The Florida Supreme Court will hear arguments on Sept. 1 on the constitutionality of the state law that allow police to cite drivers who refuse to take a breathalizer or blood-alcohol test when suspected of drunk driving. The case, which originated in Volusia County, is drawing the attention of law enforcement and privacy advocates. Florida is one of just 13 states that make it a crime to refuse such a test.
But the Sept. 1 arguments before the Florida court may be rendered moot by a decision of the United States Supreme Court, expected by the end of June, on the same issue. The high court heard arguments in that case–Birchfield v. North Dakota–in late April. A majority of justices were skeptical about such laws. Three years ago, a majority of the court ruled that police may not draw blood from a suspect without a warrant. (A full treanscript of the arguments before the U.S. Supre,me Court is available here. Complete oral arguments can be heard here.)
“You’re asking for an extraordinary exception here,” Justice Anthony Kennedy told lawyers representing Minnesota and North Dakota, where the cases originated, and the federal government. “You’re asking for us to make it a crime to exercise what many people think of as a constitutional right.”
People arrested on suspicion of drunk driving routinely refuse the test, but are not always cited for the refusal. One such arrest in Flagler County took place over the Memorial Day weekend, when Eugene Powell, a 60-year-old resident of Palm Coast’s F Section, was charged with “operating a vessel while normal faculties impaired,” and booked at the Flagler County jail on the misdemeanor. A cop saw him operating jet ski in the waters off Bings Landing in the Hammock. He fell off the jet ski and was not able to help himself out of the water until a “good Samaritan” helped him out, according to his arrest report. Then came the cop, a Florida Fish and Wildlife Conservation Commission officer. Powell agreed to a field sobriety test, but not a breath test later. He was not cited for the refusal.
The Volusia-based case is an echo of the cases before the U.S. Supreme Court. The night of Oct. 4, 2013, William Williams was arrested in Volusia County for drunk driving and asked to submit to a breathalizer test, which he refused. The arresting officer did not have a warrant. Williams was issued five traffic citations, including one for refusal to submit to a test. (He’d refused a test in a previous arrest.) Williams filed a motion to dismiss the refusal charge, arguing that the state law that promulgates it is unconstitutional.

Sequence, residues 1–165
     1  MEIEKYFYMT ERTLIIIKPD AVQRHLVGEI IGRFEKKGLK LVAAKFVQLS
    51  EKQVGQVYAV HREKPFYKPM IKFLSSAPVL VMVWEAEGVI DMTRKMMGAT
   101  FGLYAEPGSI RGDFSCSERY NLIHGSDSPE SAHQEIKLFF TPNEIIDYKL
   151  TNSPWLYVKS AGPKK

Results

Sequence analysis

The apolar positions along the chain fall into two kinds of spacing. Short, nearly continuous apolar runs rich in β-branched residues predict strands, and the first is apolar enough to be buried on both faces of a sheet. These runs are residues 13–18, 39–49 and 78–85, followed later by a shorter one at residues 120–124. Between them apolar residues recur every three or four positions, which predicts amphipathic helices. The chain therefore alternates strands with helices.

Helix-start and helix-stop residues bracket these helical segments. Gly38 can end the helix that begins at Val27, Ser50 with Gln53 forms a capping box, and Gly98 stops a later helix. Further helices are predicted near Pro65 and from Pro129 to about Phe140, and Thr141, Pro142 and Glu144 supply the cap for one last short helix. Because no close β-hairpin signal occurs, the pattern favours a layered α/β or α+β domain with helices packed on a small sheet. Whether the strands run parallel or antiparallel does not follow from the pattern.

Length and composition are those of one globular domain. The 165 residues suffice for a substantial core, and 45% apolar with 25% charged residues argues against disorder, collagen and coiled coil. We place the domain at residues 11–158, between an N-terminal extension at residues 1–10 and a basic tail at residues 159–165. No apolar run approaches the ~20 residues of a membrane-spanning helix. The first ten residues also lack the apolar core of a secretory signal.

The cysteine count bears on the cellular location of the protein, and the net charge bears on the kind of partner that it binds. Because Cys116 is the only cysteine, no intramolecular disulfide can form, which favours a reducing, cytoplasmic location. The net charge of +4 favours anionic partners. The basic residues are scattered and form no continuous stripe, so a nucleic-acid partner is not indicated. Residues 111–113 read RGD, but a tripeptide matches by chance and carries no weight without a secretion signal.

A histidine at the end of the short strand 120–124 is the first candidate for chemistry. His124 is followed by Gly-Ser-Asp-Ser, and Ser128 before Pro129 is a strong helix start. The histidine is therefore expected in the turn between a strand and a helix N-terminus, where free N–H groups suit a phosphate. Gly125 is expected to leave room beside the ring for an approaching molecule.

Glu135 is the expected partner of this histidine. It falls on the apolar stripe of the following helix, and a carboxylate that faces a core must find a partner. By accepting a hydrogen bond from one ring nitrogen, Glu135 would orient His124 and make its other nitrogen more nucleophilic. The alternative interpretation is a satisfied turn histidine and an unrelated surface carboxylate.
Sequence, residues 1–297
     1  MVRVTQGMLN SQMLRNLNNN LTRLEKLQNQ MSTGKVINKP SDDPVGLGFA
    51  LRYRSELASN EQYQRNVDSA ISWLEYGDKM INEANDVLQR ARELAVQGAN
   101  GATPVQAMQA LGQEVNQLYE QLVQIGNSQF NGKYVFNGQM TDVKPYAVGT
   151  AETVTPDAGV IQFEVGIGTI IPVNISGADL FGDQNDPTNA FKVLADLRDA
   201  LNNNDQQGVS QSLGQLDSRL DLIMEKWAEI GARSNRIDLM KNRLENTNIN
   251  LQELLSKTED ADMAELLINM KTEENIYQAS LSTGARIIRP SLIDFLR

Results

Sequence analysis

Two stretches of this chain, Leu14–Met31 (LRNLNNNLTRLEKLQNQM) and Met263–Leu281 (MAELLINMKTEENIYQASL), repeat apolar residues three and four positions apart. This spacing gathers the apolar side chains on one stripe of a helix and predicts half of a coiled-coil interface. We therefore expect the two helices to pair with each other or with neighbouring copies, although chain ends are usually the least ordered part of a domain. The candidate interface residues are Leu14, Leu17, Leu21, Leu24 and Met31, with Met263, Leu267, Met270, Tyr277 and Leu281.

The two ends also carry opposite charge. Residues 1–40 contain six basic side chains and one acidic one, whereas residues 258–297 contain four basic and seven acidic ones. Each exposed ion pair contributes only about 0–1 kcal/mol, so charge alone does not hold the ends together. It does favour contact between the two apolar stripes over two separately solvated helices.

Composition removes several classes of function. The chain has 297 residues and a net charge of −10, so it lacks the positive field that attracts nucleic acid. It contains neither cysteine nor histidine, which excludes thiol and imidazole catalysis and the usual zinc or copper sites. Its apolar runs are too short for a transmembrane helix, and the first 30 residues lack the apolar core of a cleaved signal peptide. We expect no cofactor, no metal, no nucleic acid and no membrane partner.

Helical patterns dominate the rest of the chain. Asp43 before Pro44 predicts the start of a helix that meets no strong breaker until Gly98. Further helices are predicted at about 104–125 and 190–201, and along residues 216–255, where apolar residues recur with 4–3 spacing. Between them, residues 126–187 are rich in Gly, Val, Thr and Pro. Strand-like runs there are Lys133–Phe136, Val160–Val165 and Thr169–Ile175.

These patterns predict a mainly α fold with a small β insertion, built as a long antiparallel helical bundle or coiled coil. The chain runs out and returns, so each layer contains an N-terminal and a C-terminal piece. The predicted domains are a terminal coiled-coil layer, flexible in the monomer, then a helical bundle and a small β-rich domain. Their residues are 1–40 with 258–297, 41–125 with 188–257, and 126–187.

The Volusia County court denied his motion but posed a question that opened the way to his appeal: “If the implied[-]consent statute provides consent to search as an exception to the Fourth Amendment warrant requirement, then can that consent be withdrawn by refusal to submit to an otherwise lawful test of breath, blood or urine and can the
second such refusal be punishable as a criminal offense?” After Williams served two days in jail, he appealed.
Last June 5, a unanimous three-judge panel of the Fifth Circuit Court opf Appeal, which has jurisdiction in Flagler and Volusia counties, upheld the state law. “In sum,” the court ruled, “balancing Williams’ diminished expectation of privacy and the minimal invasiveness of the search against the State’s legitimate interest in curbing driving under the influence leads us to conclude that a post-arrest warrantless breath-alcohol test would have been permissible under the Fourth Amendment.” (See the decision below.)
As an indication of the interest in the issue, the News Service of Florida reports, the Supreme Court has approved requests by the Florida Police Chiefs Association, the Florida Prosecuting Attorneys Association and the National College for DUI Defense to file friend-of-the-court briefs, according to an online docket.